Astronautical and Aeronautical Events of 1962, pp. 59, 61; New York Times, April 24, 1962; Washington Post, April 26, 1962.

April 24

Milton W. Rosen, NASA Office of Manned Space Flight Director of Launch Vehicles and Propulsion, recommended that the S-IVB stage be designed specifically as the third stage of the Saturn C-5 and that the C-5 be designed specifically for the manned lunar landing using the lunar orbit rendezvous technique. The S-IVB stage would inject the spacecraft into a parking orbit and would be restarted in space to place the lunar mission payload into a translunar trajectory. Rosen also recommended that the S- IVB stage be used as a flight test vehicle to exercise the command module (CM), service module (SM), and lunar excursion module (LEM) [previously referred to as the lunar excursion vehicle (LEV)] in earth orbit missions. The Saturn C-1 vehicle, in combination with the CM, SM, LEM, and S-IVB stage, would be used on the most realistic mission simulation possible. This combination would also permit the most nearly complete operational mating of the CM, SM, LEM, and S-IVB prior to actual mission flight.

MSF Management Council Minutes, April 24, 1962, Agenda Item 1.

April 24

MSC Associate Director Walter C. William reported to the Manned Space Flight Management Council that the lack of a decision on the lunar mission mode was causing delays in various areas of the Apollo spacecraft program, especially the requirements for the portions of the spacecraft being furnished by NAA.

MSF Management Council Minutes, April 24, 1962, Agenda Item 2.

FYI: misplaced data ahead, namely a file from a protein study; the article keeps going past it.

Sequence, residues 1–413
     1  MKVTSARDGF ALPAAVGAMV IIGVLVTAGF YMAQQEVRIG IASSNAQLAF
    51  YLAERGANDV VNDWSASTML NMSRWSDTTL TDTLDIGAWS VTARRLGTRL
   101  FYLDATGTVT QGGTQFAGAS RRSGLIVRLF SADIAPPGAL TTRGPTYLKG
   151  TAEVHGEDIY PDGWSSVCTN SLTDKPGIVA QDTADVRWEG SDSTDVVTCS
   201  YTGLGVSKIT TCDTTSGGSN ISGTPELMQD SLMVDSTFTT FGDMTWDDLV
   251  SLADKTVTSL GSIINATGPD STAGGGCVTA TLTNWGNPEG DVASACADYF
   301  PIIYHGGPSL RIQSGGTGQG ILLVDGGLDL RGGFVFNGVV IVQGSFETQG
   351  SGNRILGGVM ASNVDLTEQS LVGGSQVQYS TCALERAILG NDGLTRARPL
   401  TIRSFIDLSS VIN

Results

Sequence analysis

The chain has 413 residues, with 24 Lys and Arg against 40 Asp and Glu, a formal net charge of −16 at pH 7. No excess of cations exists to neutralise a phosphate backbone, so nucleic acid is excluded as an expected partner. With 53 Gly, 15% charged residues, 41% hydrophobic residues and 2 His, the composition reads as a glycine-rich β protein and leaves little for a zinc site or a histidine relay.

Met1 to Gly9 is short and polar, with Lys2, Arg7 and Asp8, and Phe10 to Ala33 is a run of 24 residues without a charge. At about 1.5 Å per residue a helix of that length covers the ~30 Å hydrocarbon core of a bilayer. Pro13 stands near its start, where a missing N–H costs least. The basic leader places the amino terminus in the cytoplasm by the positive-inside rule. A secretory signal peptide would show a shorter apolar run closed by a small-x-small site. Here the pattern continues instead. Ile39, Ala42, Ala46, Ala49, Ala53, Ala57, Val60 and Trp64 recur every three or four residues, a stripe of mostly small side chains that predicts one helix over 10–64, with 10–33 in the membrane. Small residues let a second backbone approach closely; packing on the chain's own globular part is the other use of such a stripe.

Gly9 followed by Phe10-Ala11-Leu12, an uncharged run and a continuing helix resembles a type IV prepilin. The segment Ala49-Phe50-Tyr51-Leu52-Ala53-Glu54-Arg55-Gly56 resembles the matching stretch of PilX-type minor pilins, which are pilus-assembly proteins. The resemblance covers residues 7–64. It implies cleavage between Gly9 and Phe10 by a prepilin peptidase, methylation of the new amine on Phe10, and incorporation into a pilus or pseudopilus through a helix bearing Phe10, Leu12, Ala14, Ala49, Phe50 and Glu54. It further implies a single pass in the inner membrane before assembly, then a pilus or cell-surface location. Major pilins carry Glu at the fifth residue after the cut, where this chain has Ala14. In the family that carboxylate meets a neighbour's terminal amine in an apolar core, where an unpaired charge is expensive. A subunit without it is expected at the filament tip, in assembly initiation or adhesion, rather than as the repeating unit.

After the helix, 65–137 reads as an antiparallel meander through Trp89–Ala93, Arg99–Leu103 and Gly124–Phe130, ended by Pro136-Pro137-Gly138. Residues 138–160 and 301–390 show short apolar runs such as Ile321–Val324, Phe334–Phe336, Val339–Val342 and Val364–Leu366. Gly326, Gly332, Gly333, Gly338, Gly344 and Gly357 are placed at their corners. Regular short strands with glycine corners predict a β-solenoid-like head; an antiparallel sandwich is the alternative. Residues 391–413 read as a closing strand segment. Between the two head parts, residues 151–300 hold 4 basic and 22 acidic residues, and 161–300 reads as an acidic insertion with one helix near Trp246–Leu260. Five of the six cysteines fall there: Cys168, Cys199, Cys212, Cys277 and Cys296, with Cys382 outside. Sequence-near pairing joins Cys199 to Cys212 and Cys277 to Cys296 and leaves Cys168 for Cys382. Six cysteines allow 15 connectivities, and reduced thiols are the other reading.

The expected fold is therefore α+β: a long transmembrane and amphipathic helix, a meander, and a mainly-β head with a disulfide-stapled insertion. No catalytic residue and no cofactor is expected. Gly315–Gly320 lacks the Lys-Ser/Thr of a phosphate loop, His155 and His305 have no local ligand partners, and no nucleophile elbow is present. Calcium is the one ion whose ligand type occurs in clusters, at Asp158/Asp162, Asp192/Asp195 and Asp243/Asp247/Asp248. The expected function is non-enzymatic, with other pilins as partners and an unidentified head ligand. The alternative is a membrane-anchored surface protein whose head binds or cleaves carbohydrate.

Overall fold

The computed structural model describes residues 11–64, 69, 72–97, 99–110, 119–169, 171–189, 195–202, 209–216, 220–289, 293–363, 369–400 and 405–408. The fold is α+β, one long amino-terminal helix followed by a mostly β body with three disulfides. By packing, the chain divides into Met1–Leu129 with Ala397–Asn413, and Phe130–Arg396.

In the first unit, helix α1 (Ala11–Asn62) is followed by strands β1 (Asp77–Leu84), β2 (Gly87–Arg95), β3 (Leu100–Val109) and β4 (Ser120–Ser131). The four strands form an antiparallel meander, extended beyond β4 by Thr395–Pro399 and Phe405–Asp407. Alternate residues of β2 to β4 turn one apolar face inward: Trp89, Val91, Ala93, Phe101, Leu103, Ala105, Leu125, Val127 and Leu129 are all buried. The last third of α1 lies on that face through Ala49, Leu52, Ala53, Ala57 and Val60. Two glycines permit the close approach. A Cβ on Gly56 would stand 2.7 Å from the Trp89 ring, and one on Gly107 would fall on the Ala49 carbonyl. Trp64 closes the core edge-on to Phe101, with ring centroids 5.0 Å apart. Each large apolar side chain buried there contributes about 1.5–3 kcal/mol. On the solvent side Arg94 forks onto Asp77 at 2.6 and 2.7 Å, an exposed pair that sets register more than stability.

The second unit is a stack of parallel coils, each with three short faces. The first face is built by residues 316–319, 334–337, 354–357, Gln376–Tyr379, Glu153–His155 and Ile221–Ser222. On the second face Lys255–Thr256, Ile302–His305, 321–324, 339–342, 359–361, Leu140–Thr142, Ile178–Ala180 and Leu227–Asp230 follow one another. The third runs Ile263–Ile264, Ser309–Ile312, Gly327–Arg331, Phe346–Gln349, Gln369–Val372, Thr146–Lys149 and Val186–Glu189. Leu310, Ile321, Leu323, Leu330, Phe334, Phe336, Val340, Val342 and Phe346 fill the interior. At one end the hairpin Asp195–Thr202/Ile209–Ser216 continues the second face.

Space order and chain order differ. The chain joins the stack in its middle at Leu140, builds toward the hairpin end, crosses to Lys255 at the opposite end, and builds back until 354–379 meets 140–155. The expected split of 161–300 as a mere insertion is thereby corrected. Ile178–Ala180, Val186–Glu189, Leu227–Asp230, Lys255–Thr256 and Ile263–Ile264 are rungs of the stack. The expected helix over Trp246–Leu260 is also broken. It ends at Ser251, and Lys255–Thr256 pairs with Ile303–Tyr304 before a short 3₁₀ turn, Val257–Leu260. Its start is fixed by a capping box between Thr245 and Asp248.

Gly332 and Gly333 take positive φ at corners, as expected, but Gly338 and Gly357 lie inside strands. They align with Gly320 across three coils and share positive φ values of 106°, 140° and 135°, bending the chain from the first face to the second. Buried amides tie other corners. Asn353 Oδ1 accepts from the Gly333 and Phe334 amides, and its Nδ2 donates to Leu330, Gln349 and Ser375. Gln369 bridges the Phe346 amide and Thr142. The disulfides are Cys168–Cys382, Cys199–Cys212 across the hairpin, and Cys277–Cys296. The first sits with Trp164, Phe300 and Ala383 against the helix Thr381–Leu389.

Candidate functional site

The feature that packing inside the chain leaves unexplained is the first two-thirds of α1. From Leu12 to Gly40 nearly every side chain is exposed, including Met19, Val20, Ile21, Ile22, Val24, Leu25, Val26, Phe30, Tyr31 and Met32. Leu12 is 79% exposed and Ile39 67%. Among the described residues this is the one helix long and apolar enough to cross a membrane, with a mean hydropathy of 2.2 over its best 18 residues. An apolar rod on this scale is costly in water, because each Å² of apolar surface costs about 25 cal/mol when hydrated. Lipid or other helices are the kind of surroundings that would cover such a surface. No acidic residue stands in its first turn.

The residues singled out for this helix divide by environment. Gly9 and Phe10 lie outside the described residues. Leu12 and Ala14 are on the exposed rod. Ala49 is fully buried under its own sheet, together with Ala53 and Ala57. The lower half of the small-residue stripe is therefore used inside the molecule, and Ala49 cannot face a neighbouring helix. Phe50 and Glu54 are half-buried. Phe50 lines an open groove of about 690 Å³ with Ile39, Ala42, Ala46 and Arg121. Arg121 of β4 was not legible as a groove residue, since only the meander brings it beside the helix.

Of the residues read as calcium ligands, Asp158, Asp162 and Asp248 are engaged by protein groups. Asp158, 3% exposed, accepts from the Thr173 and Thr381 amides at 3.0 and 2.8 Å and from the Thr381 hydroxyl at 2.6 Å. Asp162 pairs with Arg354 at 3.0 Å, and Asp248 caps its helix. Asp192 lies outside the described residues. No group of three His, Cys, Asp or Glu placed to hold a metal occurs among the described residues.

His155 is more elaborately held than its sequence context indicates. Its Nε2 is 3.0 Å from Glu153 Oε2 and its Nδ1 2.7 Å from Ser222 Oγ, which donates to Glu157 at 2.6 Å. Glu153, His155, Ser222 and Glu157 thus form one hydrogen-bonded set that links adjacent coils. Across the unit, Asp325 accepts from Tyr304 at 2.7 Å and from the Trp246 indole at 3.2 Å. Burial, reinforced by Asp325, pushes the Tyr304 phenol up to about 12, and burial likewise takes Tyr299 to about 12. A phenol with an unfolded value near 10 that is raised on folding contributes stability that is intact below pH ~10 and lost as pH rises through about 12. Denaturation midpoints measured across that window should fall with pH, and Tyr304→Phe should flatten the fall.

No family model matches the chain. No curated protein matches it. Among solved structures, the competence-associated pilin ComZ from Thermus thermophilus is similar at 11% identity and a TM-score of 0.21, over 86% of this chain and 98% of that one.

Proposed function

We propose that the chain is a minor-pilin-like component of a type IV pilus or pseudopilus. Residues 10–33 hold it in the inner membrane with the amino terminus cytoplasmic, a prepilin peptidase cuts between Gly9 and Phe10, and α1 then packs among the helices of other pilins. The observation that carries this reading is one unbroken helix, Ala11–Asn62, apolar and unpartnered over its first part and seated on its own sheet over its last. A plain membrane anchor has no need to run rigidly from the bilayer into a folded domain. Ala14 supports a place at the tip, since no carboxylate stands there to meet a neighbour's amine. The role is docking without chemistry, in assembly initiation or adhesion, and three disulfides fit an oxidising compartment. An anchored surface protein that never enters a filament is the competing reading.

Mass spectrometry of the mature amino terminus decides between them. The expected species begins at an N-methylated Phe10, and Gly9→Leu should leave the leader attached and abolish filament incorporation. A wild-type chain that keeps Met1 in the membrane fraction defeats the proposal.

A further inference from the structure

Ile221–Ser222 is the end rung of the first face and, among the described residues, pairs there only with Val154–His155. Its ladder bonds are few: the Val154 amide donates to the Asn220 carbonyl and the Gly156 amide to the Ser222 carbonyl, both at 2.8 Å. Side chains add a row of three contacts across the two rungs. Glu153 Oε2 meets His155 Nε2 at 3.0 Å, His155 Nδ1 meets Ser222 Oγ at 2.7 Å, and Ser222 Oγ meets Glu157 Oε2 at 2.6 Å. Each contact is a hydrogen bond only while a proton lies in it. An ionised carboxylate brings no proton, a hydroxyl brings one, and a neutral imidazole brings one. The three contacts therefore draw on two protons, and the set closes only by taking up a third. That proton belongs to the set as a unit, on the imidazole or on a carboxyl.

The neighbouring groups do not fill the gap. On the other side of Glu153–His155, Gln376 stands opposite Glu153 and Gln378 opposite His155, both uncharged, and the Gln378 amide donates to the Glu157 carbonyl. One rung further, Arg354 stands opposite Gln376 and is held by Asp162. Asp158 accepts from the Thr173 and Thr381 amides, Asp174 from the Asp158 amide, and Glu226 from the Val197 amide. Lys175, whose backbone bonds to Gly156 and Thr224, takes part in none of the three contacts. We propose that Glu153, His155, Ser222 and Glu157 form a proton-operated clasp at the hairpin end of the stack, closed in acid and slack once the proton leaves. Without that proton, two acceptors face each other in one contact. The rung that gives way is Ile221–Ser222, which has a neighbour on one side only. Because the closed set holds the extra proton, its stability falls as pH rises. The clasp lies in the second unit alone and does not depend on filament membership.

April 24

The Manned Space Flight Management Council decided to delay the awarding of a Nova launch vehicle study contract until July 1 at the earliest to allow time for an in-house study of bids submitted and for further examination of the schedule for a manned lunar landing using the direct ascent technique.

MSF Management Council Minutes, April 24, 1962, Agenda Item 4.

April 25

The Saturn SA-2 first stage booster was launched successfully from Cape Canaveral. The rocket was blown up intentionally and on schedule about 2.5 minutes after liftoff at an altitude of 65 miles, dumping the water ballast from the dummy second and third stages into the upper atmosphere. The experiment, Project Highwater, produced a massive ice cloud and lightning-like effects. The eight clustered H-1 engines in the first stage produced 1.3 million pounds of thrust and the maximum speed attained by the booster was 3,750 miles per hour. Modifications to decrease the slight fuel sloshing encountered near the end of the previous flight test were successful.